E-Commerce in Vietnam: A Status Report [Part 1]

Anh-Minh Do
8:30 pm on Dec 13, 2012

E-commerce is one of the hot new spaces in which Vietnamese startups want to compete. But is it really a lucrative market? I sat down with a source in the growing e-commerce market in Vietnam from a banker’s perspective.

The e-commerce market for 2011 was worth roughly $300 million. By September 2012, the market hit about $456 million, and conservative estimates put it at well over $500 million by the end of this year. That’s a 60 percent increase. This year, in comparison to the GDP of Vietnam at $320 billion e-commerce is barely noticeable. But by 2015 this number is estimated to hit $2.5 billion. That’s a sizable market.

Despite these favorable numbers, e-commerce in Vietnam faces some serious barriers. One is that the country is still a cash economy. Customers have not developed the habit of using credit cards and merchants don’t encourage it. Merchants, who employ accountants, cashiers, and safe deposit boxes are estimated to spend 5.6 percent on financial operations, but are hesitant to spend the two percent fee for getting money from a credit card. If merchants don’t encourage credit card behavior, why would customers follow? The thinking is, “if I accept payment in cash, than I get 100 percent.” They forget their operational costs.

Another barrier is related to age. Although the internet population in Vietnam is at 31 million, most of those are young people. They are in school, starting their careers, or in mid-career. Their salary is either low or non-existent. On the other hand, the older population does have money to spend, but isn’t online.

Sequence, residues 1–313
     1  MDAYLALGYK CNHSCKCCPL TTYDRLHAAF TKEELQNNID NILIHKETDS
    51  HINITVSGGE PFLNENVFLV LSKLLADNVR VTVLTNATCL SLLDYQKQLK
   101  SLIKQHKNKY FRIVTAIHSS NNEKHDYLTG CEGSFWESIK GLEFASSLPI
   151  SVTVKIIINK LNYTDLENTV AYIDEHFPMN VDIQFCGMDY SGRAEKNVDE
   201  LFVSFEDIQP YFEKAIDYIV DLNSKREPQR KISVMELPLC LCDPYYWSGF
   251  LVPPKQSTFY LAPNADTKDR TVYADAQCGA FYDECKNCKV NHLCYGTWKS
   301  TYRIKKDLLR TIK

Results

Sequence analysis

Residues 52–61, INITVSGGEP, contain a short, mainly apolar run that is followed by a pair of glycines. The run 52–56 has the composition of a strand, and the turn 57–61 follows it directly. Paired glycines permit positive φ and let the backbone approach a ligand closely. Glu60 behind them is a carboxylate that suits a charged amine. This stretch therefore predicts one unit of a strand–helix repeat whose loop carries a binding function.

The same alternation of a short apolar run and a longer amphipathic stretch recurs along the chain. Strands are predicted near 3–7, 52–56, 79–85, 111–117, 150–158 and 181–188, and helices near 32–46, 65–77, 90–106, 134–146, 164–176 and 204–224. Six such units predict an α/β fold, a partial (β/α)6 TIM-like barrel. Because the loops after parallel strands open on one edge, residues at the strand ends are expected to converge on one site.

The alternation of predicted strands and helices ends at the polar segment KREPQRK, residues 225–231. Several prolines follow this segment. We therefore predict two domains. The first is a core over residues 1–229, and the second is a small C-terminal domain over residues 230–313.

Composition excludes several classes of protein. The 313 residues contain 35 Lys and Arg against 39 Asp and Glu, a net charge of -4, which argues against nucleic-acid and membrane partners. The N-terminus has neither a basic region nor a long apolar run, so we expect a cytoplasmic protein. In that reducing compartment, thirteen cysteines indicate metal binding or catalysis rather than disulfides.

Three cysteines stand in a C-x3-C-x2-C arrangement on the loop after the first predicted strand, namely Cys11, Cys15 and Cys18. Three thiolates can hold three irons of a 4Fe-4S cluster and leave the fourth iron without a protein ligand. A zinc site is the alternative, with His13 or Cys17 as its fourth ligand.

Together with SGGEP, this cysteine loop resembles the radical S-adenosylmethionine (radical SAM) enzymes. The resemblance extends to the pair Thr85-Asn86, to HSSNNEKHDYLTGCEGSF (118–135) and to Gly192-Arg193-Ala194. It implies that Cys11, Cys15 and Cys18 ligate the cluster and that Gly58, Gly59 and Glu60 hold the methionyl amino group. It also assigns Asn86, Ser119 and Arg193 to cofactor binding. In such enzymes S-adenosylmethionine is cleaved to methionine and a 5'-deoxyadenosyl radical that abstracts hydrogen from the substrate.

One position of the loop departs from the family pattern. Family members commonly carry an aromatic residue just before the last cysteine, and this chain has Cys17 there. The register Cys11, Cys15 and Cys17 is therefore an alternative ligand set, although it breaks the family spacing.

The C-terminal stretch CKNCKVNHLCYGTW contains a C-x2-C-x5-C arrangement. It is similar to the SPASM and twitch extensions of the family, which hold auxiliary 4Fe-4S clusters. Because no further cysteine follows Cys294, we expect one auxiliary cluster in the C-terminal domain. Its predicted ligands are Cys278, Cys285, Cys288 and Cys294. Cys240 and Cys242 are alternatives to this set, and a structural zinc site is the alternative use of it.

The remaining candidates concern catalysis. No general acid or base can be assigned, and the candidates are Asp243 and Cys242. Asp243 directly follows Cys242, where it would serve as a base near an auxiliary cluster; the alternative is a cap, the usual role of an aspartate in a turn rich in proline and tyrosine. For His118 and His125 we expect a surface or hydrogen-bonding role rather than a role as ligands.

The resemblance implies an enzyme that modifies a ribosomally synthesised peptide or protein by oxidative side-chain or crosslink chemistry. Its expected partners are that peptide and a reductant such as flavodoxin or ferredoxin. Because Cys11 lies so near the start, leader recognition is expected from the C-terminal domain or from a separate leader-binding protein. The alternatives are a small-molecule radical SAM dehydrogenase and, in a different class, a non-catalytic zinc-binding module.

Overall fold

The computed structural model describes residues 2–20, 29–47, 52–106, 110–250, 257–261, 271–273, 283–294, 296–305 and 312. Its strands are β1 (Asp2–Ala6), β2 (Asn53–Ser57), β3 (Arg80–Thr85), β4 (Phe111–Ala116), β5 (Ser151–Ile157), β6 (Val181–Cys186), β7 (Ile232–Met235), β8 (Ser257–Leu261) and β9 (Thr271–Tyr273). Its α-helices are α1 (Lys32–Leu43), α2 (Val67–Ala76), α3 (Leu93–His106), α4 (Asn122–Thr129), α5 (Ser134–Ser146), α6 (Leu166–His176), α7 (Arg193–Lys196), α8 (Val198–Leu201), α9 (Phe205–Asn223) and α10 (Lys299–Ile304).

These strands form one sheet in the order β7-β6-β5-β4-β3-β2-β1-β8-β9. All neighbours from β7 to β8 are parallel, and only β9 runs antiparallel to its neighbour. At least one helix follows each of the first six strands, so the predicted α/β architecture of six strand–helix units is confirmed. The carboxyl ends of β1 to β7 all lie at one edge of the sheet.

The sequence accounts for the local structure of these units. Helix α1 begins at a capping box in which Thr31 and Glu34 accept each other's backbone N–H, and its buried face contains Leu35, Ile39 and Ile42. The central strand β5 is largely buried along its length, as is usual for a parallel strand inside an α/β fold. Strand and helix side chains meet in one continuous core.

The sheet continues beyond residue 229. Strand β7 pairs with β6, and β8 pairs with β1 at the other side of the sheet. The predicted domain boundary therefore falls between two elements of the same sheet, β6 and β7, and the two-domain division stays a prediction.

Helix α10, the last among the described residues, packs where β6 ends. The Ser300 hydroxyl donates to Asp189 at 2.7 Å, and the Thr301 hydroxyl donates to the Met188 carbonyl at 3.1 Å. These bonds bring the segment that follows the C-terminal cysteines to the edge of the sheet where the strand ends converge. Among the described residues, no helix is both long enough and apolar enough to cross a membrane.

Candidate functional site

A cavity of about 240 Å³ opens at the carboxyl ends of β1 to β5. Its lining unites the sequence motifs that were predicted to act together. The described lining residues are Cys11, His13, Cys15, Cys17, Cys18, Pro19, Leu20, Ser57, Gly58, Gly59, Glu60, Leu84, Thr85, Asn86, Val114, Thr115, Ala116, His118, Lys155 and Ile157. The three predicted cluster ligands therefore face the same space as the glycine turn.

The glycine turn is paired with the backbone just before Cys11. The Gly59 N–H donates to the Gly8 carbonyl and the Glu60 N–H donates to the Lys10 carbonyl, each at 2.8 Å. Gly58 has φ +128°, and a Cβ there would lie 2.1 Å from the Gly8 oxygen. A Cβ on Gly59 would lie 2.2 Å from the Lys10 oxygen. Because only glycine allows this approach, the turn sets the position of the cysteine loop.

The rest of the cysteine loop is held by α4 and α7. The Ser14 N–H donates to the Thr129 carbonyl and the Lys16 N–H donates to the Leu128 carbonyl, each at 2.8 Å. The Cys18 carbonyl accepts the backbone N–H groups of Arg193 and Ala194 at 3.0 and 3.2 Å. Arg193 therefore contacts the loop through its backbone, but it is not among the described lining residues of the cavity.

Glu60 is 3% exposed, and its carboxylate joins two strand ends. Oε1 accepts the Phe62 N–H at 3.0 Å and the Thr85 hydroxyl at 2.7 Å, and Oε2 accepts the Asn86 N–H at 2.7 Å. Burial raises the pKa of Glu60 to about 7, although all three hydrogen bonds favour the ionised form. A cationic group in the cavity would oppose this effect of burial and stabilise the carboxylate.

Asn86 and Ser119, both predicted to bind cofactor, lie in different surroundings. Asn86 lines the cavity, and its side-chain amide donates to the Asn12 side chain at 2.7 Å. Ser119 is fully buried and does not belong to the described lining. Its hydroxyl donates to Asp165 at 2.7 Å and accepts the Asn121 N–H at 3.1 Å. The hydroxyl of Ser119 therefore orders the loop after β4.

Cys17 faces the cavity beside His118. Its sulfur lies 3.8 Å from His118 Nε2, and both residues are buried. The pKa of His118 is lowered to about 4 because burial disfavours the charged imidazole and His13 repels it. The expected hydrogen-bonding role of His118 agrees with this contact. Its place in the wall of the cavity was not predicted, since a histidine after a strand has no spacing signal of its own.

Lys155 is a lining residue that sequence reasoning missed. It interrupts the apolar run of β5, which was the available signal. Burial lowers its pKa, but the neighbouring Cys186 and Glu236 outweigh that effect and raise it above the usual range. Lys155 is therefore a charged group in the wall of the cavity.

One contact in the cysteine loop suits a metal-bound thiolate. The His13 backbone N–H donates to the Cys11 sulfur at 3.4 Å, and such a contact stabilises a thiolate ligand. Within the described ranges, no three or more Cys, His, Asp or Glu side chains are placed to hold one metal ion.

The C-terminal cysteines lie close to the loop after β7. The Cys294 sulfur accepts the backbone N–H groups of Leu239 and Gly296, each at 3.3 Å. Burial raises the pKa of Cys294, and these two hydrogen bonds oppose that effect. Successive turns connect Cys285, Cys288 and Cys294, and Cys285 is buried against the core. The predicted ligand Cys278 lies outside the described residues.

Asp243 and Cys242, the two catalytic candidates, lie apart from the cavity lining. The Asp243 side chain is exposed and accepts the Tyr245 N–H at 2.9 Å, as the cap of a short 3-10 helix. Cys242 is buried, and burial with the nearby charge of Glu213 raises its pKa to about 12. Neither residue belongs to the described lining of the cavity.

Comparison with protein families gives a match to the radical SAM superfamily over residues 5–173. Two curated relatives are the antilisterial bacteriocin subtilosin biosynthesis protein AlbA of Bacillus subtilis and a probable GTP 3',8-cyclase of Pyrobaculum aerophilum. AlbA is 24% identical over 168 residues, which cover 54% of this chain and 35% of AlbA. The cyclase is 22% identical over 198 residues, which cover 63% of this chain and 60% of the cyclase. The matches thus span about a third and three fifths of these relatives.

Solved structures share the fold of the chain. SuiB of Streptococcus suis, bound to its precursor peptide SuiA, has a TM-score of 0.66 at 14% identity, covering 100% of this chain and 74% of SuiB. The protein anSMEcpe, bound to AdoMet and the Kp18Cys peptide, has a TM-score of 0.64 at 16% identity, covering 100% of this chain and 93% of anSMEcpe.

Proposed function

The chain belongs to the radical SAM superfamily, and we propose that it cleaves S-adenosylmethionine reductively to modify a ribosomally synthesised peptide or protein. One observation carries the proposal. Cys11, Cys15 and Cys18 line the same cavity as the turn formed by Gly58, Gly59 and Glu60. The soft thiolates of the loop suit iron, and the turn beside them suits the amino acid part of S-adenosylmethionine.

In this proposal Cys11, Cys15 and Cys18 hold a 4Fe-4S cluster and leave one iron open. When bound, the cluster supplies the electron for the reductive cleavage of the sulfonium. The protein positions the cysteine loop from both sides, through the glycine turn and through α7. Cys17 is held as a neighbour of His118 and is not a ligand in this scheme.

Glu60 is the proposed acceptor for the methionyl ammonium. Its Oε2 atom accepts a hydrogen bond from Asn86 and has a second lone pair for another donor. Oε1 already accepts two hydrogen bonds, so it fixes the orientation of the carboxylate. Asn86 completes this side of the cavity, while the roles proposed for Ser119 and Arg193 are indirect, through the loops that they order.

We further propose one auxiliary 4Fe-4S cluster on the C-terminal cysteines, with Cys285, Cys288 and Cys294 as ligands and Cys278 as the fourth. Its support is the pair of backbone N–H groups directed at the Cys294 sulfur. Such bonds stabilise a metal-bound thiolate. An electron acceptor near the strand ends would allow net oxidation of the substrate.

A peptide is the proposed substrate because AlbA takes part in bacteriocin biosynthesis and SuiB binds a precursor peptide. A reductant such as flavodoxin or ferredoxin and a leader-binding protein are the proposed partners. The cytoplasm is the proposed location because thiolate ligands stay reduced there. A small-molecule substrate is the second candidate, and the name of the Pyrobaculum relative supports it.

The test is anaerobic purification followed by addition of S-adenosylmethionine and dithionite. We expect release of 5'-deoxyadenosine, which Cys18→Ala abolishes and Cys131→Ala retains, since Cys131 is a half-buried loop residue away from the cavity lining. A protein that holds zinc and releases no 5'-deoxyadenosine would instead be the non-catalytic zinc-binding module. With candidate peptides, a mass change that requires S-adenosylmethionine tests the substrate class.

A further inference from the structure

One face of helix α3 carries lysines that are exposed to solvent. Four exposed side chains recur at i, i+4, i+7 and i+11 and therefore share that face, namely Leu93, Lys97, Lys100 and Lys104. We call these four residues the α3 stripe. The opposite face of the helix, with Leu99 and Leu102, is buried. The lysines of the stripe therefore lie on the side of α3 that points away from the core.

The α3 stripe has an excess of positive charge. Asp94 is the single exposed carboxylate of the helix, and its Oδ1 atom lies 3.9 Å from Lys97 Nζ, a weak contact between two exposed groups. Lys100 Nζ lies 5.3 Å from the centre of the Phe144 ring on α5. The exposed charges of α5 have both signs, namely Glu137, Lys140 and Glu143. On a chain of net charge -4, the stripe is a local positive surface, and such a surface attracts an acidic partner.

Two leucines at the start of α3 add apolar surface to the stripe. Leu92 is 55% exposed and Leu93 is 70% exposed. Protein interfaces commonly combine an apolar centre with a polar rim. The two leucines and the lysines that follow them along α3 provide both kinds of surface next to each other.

Is Amazon in 1994 where Vietnam’s e-commerce is in 2012? (via i.dailymail.co.uk)

The final major barrier is a fundamental skepticism about digital content. Vietnamese consumers want to touch the clothing they will wear. They want to feel the texture of the cloth. They want to hold electronics in their hands and see how well it works. Vietnamese wives are at the heart of the shopping decisions in a family, and they are going to be very careful about major purchases like electronics as well as things like clothing. Making those choices online doesn’t give customers enough data to make what they feel is an informed decision.

If these three obstacles did not exist (i.e. if credit cards were ubiquitous, if the youth had money, and if customers trusted internet content) we’d be looking at Vietnam 2022, not 2012. To me, the barriers above paint a difficult picture for startups getting into e-commerce. The value they create will have to outweigh the cultural and infrastructural barriers that create friction for the customer experience. A good example of e-commerce done in a way which adds value is Qwertee from the United Kingdom, which has leveraged social media, artists, and consumers into a unified e-commerce experience. Currently, in the e-commerce market, models like this have not taken off.

Making credit cards into a widespread habit and making it easier to pay online would significantly shift the market and open up many dormant opportunities like web services, apps, freemium models, and many other services that people haven’t imagined yet.

In 2015, we’ll look back on this period as just the beginning of a long path to e-commerce in Vietnam.

[UPDATE on Dec. 14th: Our source requested that his name be removed from the article]

  • Mindpl

    Good overview. What are some of the e-commerce sites in Vietnam worth looking at?

  • Johnny Tri Dung